Age <1 year, children on uroprophylaxis, recent antibiotic usage, recurrent urinary tract infections (UTI), male gender, etcetera have been reported as risk factors for UTI with ESBL-producing organisms,[2] recognition of which will predict ESBL- or non-ESBL-producing pathogen and guide in appropriate antibiotic use. Urinary infection with ESBL-producing organisms is increasing at an alarming rate,[2] and very few studies have been done to determine the contributing factors. We studied risk factors for ESBL in relation to UTI in Indian children.


   Methods Top


This was a retrospective cross-sectional study carried out for 12 months between May 2013 and April 2014 in a pediatric tertiary care hospital from a single pediatric unit. Ours is a 220-bedded hospital with about 13,000 admissions per year, of which around 1000 children have UTI. The study protocol was approved by the Institutional Ethics Committee. Informed consent was obtained from the parents of all children included in the study. The study population consisted of 100 consecutive children admitted to the hospital due to community-acquired UTI (CA-UTI) caused by Gram-negative organisms. All children from 1 month to 12 years with a diagnosis of UTI and having a positive urine culture with colony count of >105 CFU/ml of midstream urine or >104 for samples collected by a catheter within 48 h of admission were included in the study and were followed up for 3 months. Some of them were diagnosed to have UTI after hospitalization for fever of undetermined origin. Exclusion criteria were age <1 month and >12 years, urine collected more than 48 h after admission, colony count less than that mentioned above. Clinical details retrieved from medical records were age, gender, symptoms, risk factors such as age <1 year, uroprophylaxis, recent antibiotics, or hospitalization in the past 3 months. Only one positive culture per patient was included in the study and repeated positive cultures from the same patient were excluded from the analysis.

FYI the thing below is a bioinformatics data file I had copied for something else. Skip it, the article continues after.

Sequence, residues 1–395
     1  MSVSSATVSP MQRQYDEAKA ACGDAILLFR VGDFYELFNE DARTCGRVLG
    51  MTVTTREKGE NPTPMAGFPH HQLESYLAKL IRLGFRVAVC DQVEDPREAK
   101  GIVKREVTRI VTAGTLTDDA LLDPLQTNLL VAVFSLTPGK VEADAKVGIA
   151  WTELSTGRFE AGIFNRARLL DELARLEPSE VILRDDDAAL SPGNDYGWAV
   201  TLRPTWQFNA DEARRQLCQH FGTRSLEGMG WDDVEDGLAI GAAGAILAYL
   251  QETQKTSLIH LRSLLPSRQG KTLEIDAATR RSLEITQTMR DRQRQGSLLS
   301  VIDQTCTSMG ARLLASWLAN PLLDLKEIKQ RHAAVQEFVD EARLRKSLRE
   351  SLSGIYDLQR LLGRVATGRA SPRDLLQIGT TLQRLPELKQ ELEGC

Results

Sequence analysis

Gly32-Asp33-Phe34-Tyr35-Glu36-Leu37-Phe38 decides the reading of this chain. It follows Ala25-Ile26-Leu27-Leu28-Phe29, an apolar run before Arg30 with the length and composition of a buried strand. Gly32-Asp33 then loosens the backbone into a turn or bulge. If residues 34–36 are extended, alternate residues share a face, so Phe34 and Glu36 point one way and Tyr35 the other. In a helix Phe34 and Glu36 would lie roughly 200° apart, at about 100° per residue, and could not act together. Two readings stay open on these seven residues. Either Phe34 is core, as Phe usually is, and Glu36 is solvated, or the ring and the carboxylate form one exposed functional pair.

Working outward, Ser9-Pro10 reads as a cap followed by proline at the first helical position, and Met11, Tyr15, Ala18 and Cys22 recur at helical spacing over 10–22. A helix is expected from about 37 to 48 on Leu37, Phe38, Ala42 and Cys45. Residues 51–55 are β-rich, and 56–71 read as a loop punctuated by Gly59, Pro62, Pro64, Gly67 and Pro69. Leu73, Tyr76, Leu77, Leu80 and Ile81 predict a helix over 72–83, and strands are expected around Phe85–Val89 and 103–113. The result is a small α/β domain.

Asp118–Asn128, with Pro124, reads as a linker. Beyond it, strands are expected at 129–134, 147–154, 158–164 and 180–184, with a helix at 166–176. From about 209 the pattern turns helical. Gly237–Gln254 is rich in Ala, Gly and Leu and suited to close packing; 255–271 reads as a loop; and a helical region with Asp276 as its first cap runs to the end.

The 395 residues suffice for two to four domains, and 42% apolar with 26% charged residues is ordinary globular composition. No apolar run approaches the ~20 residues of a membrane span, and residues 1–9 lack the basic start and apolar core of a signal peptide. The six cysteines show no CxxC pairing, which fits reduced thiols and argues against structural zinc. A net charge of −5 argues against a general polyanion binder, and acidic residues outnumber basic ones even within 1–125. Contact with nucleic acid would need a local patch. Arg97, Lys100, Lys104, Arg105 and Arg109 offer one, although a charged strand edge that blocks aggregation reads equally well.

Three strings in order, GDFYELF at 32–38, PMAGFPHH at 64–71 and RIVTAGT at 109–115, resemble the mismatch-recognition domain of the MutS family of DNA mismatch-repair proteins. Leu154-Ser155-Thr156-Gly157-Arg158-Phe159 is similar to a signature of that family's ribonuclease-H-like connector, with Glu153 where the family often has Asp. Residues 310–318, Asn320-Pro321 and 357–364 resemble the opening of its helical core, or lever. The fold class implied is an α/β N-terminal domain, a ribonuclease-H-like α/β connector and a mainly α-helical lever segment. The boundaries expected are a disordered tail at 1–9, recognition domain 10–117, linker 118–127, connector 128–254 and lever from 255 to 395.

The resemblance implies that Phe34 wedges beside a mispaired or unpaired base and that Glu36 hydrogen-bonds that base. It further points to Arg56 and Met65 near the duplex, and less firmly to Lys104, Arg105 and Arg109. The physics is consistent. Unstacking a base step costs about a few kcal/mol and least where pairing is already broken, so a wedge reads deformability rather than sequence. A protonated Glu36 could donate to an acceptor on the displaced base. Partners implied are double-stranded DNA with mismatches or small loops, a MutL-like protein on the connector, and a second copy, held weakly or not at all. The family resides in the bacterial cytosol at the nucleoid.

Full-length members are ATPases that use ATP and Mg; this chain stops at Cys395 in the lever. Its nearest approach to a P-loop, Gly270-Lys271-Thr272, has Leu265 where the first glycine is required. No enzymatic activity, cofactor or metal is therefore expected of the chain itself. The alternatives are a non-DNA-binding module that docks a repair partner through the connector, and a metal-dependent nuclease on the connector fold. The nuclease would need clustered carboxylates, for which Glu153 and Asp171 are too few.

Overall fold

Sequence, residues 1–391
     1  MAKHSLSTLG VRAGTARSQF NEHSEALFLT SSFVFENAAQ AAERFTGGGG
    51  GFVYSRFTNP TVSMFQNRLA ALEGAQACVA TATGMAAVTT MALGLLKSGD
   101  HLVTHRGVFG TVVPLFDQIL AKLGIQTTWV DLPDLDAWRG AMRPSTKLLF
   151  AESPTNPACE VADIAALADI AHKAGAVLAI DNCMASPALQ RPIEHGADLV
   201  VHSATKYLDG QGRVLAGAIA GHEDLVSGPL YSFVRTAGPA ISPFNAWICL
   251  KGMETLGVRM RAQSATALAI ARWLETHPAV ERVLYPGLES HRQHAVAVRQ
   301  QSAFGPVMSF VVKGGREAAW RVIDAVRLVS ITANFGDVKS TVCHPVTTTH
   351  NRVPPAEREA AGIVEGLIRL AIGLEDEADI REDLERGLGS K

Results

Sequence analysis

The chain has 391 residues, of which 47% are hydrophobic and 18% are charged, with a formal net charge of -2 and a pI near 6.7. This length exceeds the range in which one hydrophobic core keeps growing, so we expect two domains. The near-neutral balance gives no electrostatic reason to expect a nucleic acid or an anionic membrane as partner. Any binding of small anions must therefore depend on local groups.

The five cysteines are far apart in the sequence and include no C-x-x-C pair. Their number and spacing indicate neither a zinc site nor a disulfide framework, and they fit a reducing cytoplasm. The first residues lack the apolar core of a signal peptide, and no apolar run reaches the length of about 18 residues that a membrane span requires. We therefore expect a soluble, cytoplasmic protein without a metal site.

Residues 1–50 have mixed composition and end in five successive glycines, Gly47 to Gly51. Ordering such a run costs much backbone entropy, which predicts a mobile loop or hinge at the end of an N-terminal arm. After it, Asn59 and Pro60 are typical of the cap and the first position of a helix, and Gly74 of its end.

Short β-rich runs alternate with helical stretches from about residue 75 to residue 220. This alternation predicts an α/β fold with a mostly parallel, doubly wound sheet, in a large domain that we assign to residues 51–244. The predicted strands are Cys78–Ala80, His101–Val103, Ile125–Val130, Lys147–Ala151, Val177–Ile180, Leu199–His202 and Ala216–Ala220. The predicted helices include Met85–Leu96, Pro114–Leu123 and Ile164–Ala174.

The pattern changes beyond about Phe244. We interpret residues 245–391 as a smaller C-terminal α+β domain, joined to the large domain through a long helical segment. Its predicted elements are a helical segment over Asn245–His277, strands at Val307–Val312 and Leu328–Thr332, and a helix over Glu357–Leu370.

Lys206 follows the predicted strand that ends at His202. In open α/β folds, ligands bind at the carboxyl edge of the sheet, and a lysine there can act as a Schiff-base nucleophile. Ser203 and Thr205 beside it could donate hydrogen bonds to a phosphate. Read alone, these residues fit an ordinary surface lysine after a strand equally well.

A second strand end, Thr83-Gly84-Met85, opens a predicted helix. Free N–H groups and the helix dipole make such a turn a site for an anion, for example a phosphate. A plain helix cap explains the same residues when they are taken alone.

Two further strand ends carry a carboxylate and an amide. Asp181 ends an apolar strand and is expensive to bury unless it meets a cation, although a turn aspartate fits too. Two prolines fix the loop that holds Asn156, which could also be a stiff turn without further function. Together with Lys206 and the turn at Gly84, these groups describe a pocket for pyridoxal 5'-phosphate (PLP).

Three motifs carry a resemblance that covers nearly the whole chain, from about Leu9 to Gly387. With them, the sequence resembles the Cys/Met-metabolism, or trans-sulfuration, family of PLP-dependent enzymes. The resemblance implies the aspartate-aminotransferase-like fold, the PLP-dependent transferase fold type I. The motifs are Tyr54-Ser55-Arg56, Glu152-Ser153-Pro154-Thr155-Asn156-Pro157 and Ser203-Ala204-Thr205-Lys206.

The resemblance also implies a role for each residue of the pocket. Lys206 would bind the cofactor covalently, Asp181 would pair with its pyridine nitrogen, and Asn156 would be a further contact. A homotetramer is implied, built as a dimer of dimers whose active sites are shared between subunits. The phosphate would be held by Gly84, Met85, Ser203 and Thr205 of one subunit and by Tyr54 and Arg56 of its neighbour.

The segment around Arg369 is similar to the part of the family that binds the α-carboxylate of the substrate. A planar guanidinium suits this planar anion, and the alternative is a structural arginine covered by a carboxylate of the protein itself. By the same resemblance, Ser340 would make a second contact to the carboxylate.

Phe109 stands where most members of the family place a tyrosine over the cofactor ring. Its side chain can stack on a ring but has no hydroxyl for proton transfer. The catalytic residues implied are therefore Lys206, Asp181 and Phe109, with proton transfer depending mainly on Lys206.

Those who were diagnosed to have ESBL UTI were considered as cases and those who had non-ESBL UTI were considered as controls.

CA isolates were defined as those detected at hospital admission or within the first 48 h culture collection from a patient not admitted to the hospital previously while samples originating from patients hospitalized for 48 h or more were considered nosocomial and excluded noting the difference between the time of admission and time of sample collection. In the presence of any potential growth, antibiotic sensitivity testing was done by Modified Kirby–Bauer disc diffusion method according to the Clinical and Laboratory Standards Institute guidelines.